God is Great, Even When

God is great.

That’s what my pastor repeated on Sunday morning. The same Sunday morning there was a mass shooting that took place downtown Dayton, Ohio. Six and a half miles away from my home. The same Dayton that just a few short months ago, on Memorial Day 2019, record sized tornadoes tore their way through this city leaving many people homeless, injured, and forever changed this city’s people and landscape.

Dayton is my new home. It’s weird. It feels like home. A paradise even, yet still feels a little wonky and new.

You see, I moved here last year from Indianapolis. I lived in an area still considered downtown Indianapolis for sixteen years. My whole adulthood, actually, all I knew was Indianapolis. Every morning we’d turn on Fox 59 news for the weather and quick updates of what was going on in our city and the world. Like clock work there was always a report of a shooting . Someone had died from an act of violence every single day in Indianapolis. Many of those days it was more than one and sometimes it was upwards of 10-15. Honestly, it was so routine that I became desensitized to murder.

Murders: Gang related. Drug deals gone wrong. Wrong place, wrong time. Hate. Racism. Mental illness taken out on others.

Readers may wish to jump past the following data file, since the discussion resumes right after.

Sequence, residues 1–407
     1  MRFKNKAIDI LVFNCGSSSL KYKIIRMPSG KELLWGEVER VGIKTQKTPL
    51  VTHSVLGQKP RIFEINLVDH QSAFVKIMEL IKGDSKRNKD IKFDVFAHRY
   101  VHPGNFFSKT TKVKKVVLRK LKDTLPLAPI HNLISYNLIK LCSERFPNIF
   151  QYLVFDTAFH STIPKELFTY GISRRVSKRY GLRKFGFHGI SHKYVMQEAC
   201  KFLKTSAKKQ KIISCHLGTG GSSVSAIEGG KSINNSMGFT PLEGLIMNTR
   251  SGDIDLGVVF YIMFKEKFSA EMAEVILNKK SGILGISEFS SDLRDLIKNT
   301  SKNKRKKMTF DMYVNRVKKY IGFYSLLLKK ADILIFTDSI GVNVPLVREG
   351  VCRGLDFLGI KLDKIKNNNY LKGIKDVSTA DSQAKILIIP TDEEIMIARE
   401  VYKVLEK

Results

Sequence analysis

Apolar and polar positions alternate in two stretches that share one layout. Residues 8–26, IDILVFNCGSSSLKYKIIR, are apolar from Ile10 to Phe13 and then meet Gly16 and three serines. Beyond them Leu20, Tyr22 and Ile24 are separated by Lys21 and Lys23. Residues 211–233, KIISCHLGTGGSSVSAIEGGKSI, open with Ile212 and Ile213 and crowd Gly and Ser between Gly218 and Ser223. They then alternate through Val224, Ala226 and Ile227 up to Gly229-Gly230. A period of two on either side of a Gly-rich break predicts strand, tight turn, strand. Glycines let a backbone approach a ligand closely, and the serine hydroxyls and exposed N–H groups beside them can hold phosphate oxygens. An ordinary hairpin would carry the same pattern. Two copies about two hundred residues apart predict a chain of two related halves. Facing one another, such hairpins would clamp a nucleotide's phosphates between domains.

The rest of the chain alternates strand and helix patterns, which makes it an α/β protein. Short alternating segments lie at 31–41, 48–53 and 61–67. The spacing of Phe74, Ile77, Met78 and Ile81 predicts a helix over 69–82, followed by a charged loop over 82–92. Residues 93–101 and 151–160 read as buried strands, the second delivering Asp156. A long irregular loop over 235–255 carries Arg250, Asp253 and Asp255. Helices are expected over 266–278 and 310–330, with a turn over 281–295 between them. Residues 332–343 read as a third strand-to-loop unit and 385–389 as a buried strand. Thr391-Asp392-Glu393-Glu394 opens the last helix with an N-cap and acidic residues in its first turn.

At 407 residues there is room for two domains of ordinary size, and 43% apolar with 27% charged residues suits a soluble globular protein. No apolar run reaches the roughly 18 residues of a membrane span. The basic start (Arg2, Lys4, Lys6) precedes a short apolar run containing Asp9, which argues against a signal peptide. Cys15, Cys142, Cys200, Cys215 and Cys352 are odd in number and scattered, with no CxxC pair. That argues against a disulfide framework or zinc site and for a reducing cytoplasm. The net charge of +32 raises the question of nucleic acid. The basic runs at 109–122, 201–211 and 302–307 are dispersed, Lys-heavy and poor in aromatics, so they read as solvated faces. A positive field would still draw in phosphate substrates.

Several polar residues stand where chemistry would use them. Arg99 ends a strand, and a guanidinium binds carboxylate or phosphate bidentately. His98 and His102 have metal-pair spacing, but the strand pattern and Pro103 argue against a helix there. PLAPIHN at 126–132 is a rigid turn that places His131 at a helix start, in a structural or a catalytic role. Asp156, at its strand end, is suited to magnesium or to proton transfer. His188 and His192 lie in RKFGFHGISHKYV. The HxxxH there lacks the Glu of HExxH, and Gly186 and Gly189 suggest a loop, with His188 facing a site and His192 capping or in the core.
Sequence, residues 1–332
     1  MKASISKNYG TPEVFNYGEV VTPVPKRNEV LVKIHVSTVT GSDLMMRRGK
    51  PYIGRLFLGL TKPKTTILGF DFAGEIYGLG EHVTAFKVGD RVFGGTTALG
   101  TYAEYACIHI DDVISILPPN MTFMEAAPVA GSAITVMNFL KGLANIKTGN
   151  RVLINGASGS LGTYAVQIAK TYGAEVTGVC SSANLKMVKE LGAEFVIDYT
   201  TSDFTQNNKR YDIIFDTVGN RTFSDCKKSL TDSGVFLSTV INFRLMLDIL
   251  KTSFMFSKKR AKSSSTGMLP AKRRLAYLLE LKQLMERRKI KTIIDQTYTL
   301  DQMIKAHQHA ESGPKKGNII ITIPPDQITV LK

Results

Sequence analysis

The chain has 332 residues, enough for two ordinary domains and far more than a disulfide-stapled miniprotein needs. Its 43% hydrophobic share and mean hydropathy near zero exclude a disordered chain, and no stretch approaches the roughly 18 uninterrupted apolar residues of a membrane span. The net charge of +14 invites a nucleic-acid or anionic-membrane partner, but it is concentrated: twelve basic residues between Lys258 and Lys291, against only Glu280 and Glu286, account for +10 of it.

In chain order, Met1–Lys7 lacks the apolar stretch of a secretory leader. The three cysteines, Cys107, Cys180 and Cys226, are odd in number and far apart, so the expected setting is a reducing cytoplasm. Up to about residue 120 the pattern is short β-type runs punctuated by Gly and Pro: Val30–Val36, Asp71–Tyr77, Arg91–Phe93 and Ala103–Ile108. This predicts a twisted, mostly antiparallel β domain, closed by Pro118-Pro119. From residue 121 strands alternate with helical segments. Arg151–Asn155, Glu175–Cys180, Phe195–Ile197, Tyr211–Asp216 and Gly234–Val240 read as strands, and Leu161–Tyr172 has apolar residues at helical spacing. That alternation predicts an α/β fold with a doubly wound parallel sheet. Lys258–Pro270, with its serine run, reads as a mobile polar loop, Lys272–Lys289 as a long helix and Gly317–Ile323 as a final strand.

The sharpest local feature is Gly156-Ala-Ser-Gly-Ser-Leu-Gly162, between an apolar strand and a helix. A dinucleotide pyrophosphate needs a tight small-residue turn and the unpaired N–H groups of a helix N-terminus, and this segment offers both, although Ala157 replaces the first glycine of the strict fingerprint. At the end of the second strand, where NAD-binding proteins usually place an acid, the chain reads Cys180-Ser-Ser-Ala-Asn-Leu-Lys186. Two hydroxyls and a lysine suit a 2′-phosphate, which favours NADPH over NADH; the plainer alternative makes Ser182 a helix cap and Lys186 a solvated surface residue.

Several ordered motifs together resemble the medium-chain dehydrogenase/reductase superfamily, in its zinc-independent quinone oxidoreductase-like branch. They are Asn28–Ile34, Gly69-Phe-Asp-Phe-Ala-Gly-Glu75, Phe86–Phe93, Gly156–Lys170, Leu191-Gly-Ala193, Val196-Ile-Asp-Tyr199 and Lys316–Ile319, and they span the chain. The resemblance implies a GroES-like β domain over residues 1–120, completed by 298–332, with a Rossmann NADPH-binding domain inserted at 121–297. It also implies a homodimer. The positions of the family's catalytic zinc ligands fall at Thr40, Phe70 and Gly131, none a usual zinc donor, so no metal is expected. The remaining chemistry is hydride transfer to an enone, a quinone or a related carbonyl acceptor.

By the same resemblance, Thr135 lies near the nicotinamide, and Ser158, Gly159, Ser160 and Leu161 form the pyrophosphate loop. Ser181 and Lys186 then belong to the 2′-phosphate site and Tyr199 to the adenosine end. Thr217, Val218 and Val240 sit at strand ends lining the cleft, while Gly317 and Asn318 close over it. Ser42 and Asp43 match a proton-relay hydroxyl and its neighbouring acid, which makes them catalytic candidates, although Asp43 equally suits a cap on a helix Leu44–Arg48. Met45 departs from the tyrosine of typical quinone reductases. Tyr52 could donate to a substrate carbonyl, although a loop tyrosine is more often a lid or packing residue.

Lives lost.

As Jackie Hill Perry puts it—Image bearers lost.

Image bearers.


I’m not sure the terminology “lives lost” has a meaning to us anymore. My generation has seen scrolling names of lives lost so frequently on the television that it seems surreal. It doesn’t slow us down. It’s a fact of life, maybe?

But the terminology image bearers—Those are God’s people. Ones he created to be in his image. For his purposes. For his Kingdom. For him to enjoy forevermore.

And those image bearers are gone.

Did they know God?

Did they get a chance to know his presence in their lives?

Did they get to live their lives to the fullest?

I grew up in a time when wars were happening and hate crimes or massacres were happening… but they weren’t on my home turf. They were in a place “far away.” They were people I’d likely never meet or know existed. I’m not sure when that reality changed for me. When I finally grasped I’m not necessarily as safe as I thought I was. Maybe it was 9/11? I’m not sure.

When we look at the shootings we want to place blame on the person, the family, the system, whatever it is. We want blame. Because once we find blame then we enact laws or protocols and that fixes things, right? Wrong.

While we’re looking for blame and finding fixes to the thing we blame, we are neglecting a very real issue—our hearts. It’s almost like we blame so we can ignore our own problem by fixing everyone else’s.

You see, as my pastor said this weekend, “Tragedy is an opportunity to re-evaluate our lives.” We get to take the opportunity to get silent before God and have him heal us from the inside out.

We are responsible for our heart’s conditions, too.
Are you hurting?
Do you have a pet sin that’s overwhelming you?
Do you struggle day in and day out with overpowering voices feeding you lies?